Higgins urges greater role for culture
Culture and creativity should take centre stage in discussions on how to build more fulfilling and peaceful societies, President Michael D Higgins has said.
On a visit yesterday to the Paris headquarters of Unesco, the UN’s culture and education agency, Mr Higgins was greeted with cheers and a standing ovation after he gave an impassioned critique of the dominance of neo-liberal economics. Assumptions about unregulated market freedom had “exposed our world to poverty and insecurity”, he said.
The world needed a broader frame of reference when thinking of human development. Culture, heritage and creativity were vital to meeting the challenges of sustainable development, which included the abolition of poverty, employment for all and an end to discrimination, he said.
“The cultural space cannot be shrunk to a residual of the market place. Properly respected, [it] can be not only a location for the arts but, much more broadly, a source of vision.”
Crisis at Unesco
Unesco is suffering from a severe financial crisis caused largely by the decision of its biggest contributor, the US, to cancel its support in protest at the body’s decision to grant the Palestinians full membership.
Against the background of debate about the organisation’s future, Mr Higgins warned that supporting culture was as important during a recession as in times of economic growth.
“Unesco cannot afford to fall into the pseudo-romantic trap of believing that devoting less resources to the broad cultural space is in any sense beneficial or constructive,” he said. “Starving artists in attics may make for entertaining operatic librettos, but such a myth is as destructive of social value as it is of the individual artist’s life.”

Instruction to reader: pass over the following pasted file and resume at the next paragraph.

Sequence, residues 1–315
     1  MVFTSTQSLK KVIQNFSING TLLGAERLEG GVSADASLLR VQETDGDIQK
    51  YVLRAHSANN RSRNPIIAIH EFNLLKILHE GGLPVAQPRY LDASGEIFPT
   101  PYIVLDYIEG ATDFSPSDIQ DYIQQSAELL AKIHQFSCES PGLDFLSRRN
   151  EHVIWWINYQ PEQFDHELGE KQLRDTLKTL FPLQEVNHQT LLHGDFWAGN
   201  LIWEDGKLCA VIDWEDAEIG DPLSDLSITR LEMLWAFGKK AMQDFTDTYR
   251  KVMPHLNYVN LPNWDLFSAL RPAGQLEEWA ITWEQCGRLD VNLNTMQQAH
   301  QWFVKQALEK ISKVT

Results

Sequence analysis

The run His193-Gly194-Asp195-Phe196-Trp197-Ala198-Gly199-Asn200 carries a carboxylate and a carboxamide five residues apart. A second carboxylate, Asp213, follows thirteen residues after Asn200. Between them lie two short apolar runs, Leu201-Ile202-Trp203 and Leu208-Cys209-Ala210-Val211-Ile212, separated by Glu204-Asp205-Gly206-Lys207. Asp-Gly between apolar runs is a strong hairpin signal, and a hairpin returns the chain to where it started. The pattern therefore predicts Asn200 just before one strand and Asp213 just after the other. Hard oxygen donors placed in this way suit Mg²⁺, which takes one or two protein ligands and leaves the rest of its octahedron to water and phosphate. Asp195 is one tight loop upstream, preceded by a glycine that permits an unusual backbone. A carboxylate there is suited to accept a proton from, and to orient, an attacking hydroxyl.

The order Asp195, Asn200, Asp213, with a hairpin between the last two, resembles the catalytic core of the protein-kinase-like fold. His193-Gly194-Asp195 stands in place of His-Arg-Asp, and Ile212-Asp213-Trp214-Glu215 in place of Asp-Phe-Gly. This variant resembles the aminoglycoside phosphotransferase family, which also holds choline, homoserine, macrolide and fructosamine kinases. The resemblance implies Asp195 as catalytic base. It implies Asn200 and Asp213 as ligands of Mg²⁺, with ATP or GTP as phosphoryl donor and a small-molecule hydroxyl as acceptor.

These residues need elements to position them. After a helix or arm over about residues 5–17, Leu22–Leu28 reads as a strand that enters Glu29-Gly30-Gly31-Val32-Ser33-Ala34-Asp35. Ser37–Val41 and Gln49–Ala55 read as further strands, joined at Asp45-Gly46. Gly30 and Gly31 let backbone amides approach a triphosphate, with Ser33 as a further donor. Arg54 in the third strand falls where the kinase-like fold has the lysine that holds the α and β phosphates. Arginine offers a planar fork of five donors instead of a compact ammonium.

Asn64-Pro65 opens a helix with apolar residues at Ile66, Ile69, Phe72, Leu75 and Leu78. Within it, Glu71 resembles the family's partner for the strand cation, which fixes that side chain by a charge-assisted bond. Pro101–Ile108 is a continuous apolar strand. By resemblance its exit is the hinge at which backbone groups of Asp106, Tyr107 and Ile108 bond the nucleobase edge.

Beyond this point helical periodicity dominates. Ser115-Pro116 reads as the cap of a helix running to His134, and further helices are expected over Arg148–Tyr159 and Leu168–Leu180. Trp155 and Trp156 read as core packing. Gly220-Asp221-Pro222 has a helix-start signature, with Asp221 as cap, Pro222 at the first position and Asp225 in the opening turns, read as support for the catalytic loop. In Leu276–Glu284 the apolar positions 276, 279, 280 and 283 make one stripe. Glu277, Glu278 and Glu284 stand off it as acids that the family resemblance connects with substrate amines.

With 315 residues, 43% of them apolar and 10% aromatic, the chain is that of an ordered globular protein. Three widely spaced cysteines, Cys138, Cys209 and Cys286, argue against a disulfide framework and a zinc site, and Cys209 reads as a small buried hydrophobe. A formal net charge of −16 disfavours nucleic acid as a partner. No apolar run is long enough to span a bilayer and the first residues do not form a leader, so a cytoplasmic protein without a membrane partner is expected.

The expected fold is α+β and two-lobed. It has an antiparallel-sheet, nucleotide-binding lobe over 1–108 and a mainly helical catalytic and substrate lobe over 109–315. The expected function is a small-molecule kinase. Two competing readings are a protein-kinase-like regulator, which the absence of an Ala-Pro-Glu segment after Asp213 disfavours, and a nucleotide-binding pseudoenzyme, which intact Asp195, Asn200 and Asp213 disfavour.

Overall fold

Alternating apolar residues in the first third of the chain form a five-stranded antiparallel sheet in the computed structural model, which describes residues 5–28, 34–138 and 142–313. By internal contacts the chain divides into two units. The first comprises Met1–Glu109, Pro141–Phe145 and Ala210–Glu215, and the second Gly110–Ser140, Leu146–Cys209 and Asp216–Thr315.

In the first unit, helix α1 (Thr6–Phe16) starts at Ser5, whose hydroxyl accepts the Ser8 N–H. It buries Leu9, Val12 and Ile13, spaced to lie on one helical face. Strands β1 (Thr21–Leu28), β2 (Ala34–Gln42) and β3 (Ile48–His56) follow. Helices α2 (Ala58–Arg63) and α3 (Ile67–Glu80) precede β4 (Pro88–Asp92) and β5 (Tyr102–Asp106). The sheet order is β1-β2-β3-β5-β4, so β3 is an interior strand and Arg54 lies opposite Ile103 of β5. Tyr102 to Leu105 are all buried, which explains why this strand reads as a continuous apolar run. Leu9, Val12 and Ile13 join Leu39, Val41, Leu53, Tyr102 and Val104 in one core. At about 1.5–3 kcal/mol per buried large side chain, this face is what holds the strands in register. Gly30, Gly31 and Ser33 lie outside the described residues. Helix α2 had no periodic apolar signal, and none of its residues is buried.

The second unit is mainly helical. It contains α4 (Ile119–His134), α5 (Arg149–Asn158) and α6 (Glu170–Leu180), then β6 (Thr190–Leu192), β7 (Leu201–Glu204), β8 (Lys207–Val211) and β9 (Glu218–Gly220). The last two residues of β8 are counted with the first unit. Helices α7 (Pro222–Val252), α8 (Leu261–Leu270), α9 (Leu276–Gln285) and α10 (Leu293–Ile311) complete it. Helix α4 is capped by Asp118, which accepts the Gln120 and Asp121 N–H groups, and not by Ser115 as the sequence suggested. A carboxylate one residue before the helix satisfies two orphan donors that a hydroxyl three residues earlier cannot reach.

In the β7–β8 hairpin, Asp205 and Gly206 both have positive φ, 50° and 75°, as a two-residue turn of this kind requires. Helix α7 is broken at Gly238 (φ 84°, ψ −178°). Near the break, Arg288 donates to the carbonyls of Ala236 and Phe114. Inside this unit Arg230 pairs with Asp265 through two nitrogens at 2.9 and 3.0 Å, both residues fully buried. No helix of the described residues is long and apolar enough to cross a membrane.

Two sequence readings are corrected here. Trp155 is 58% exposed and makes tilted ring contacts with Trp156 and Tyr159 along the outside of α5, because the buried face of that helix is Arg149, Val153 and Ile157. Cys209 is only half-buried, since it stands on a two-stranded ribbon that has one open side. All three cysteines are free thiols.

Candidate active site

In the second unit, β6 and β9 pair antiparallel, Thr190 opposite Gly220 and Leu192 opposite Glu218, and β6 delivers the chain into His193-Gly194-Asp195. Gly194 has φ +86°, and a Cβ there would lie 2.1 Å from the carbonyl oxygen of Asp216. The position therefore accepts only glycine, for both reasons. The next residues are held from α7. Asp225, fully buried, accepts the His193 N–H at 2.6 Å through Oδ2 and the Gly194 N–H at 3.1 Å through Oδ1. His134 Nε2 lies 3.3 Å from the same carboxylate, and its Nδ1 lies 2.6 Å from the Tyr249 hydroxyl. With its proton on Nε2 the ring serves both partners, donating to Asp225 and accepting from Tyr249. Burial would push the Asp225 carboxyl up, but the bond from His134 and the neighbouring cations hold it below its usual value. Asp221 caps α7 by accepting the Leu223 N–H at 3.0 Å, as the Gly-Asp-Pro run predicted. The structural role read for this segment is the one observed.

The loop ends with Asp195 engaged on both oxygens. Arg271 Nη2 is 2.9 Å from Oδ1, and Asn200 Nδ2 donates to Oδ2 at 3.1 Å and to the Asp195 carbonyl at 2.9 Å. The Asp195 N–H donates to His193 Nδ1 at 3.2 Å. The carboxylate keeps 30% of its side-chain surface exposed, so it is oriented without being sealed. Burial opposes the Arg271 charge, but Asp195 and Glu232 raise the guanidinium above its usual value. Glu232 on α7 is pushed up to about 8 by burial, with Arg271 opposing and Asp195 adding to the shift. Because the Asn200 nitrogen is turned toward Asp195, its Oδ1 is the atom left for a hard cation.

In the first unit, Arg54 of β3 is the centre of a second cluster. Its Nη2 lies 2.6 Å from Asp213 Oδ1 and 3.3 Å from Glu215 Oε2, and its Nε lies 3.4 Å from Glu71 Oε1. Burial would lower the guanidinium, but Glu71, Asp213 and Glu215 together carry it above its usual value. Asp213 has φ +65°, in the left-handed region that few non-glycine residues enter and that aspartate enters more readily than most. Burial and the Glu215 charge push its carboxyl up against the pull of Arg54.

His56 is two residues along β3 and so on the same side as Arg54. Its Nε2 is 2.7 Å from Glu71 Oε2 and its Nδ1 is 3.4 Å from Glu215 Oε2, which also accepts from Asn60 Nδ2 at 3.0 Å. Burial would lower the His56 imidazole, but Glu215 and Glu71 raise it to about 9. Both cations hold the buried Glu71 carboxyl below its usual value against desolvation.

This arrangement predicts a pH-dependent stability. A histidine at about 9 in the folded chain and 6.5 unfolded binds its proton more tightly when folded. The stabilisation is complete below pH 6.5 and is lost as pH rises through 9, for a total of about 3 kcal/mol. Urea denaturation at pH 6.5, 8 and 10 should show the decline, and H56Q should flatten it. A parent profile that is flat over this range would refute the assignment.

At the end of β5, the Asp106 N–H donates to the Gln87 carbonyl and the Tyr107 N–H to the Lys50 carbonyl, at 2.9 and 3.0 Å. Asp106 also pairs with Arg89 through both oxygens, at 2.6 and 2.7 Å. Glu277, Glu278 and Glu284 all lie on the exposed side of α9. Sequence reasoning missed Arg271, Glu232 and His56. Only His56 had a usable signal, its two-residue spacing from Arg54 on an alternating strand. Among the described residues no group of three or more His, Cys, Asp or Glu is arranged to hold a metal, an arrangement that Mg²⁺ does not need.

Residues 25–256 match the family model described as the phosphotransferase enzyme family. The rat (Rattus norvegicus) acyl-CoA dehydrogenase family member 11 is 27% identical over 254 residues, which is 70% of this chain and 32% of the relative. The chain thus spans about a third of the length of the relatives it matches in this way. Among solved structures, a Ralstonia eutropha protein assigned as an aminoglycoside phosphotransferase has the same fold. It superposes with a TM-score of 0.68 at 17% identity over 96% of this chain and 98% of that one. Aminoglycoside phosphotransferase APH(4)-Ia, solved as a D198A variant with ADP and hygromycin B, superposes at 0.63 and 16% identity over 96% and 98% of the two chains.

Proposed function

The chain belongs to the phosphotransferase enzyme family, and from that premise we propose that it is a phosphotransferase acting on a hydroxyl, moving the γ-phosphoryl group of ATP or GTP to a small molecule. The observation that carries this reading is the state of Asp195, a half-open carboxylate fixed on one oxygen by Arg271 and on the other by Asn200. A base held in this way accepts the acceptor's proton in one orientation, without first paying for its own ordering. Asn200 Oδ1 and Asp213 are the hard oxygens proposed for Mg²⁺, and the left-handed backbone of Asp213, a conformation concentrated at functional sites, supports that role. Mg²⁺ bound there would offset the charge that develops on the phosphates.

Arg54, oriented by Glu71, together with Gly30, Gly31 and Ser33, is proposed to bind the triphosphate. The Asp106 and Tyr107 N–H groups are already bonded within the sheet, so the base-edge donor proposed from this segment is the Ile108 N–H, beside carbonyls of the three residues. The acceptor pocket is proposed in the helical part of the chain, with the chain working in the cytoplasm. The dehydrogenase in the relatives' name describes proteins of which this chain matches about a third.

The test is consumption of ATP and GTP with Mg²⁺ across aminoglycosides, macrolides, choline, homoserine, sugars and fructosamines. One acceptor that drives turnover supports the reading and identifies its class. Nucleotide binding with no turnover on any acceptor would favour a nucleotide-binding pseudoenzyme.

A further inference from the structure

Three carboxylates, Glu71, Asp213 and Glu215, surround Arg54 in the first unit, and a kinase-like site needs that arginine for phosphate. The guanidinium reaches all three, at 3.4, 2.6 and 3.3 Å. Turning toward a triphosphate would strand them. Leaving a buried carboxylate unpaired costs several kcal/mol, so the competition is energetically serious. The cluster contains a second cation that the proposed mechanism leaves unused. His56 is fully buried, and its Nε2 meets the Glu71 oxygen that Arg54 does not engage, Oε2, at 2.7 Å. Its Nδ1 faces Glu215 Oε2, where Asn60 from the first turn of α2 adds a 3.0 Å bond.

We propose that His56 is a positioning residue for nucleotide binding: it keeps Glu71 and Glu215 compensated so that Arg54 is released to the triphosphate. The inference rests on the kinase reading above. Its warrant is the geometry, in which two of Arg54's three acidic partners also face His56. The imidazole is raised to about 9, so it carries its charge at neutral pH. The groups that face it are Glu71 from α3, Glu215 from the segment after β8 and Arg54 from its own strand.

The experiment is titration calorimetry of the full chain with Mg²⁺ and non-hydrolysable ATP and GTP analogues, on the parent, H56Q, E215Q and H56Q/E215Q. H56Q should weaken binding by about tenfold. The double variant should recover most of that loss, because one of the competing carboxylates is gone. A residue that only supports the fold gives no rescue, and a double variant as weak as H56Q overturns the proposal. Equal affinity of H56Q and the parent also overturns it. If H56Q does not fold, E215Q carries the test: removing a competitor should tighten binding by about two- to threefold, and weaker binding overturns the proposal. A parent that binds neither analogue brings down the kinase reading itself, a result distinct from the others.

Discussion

Mr Higgins called for better dialogue between western intellectuals and moderate Islam, which he saw as “one of the most urgent intellectual issues” of our time. “It is past time that they supported each other, confronted the politics of fear and exclusion . . . and worked together to achieve the sustainable, peaceful planet we need.”
Unesco’s director general, Irina Bokova, described Mr Higgins as “an intellectual and a great political leader”, and said his speech made her proud to belong to the agency.
After the visit to Unesco – the first by a president of Ireland – Mr Higgins attended a lunch for Irish and French business figures. He told them Ireland was recovering after the “aberration” of a lost economic decade, and the “likelihood” was that the country would exit the troika bailout programme by the end of the year.
Jobs and growth
He again stressed that austerity alone could not bring recovery and said France and Ireland shared a belief that jobs and growth should be priorities.
Franco-Irish trade is now worth more than €15 billion a year. More than 400 Irish companies export to France and 50 have a presence here, while France is Ireland’s fourth-largest source of foreign direct investment.
Mr Higgins’s official visit to France concludes today, when he is due to lay a wreath at the tomb of Jean Monnet, one of the EU’s founding fathers, and visit the Irish college.